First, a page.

How to Crack an Egg with One Hand

by Irvin on April 11, 2014 · 17 comments

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A short and quick tutorial on how to crack an egg with one hand.

How to crack an egg with one hand. Photo and tutorial by Irvin Lin of Eat the Love.

“Can you show us how to crack an egg with one hand?” asked my classmate in the Le Cordon Bleu cooking class. We were doing a session on how to cook eggs (sunny side up, over easy, scrambled, omelettes, poached and shirred) but, as usual, it was the little simple things that caught my attention and made me take note. I’ve always been the sort of person envious of those cooks that can crack an egg with one hand, it looked so bad ass and casual at the same time. But I’ve never thought to ask anyone to teach it to me.

A tutorial on how to crack eggs with one hand. Photo by Irvin Lin of Eat the Love.

Turns out, the reason cooks do it’s so casually is because it’s pretty easy to do. The first trick is to make sure to crack the egg firmly on a flat surface. If you crack the egg on the edge of a bowl (which a lot of people do) there’s more chance that a stray piece of shell will break off and that means a higher chance of broken yolk or worse having to fish the shell piece out of the bowl or pan (a nearly Sisyphean task).

How to Crack and Egg. Photo and Tutorial by Irvin Lin of Eat the Love.

How to Crack an Egg with One Hand. Tutorial and Photo by Irvin Lin of Eat the Love.

Once you’ve cracked the egg, you make a motion similar to snapping your fingers, but with the egg in your hand. The idea is to keep your thumb and index finger on the top half of the egg shell, while the middle finger anchors the bottom half of the shell against your palm near the your thumb. Pull up with thumb and index finger while holding onto the bottom half of the shell and release egg into your bowl or pan. Simple right?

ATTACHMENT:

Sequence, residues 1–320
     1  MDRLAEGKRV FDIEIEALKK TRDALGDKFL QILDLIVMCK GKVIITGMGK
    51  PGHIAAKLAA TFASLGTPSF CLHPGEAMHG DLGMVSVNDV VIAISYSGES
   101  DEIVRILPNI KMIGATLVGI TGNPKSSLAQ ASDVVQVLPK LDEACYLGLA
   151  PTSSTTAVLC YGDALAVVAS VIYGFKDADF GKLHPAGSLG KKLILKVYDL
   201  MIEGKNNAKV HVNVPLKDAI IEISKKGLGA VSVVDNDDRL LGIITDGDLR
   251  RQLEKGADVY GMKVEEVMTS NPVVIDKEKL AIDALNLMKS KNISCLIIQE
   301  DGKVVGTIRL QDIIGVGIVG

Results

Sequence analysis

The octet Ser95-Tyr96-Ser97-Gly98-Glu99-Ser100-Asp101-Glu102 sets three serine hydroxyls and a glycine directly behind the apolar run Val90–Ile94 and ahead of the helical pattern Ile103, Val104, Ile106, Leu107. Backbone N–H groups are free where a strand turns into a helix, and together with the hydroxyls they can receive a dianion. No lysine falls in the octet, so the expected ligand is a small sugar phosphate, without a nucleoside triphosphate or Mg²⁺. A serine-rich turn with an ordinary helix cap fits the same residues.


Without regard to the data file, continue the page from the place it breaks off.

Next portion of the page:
How to crack an egg. Tutorial and Photo by Irvin Lin of Eat the Love.

A diagram to explain how to crack an egg with one hand. Photo and tutorial by Irvin Lin of Eat the Love.

Of course, pictures can only explain it so much, so I made as short tutorial video as well to help you crack eggs single handed. Soon you’ll be an insouciant bad ass in the kitchen cracking eggs one handed with abandon.

This past week I shared tips, tricks and recipes that I learned while taking a class at Le Cordon Bleu. You check out some of my other posts from this week. Thanks for stopping by!

Photo Essay: Le Cordon Bleu Techniques I Class
Homemade Gnocchi, an easy two-ingredient recipe
Peeling Carrots Like a Pro (including a video tutorial)
Tea Smoked Shrimp Vegetable Ribbon Salad and Asian Pesto

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{ 17 comments… read them below or add one }

Annie April 11, 2014 at 7:45 am

Cool! I crack eggs with one hand sometimes, but only into the dogs’ dishes since the shell usually ends up pretty mashed and I am sure there would be shell fragments. The dogs obviously don’t care. 🙂

The hens are laying too many eggs right now (spring!) so I will have lots of chances to practice.


Kristin Nicole April 11, 2014 at 8:55 am

That’s awesome though that you have your own eggs 🙂 Have you tried selling them to a local fresh market? I am not sure how that works but it’s probably great to look into for some extra money and the fact that if there are too many it’s hard to handle haha. I have two mango trees and in the summer it’s hard to hold onto all of them, plus there are so many mangos I can eat lol.


Karen April 15, 2014 at 11:21 am

There’s an on-line farmers market called where you can buy directly from farmers and the farmers can sell things like eggs, cheese, meat, and poultry, etc, just not produce, so no mangos unfortunately.


Kristin Nicole April 11, 2014 at 8:50 am

Love it…. I think a lot of people wonder how to crack an egg with one hand and the main problem is trying to use the edge of the bowl. 🙂 Are you taking a few classes at the Cordon Bleu or are you enrolled? I’ve thought of taking some classes myself to learn basics that only in a class/school you can learn. Great tips… THANK YOU


Irvin April 11, 2014 at 7:52 pm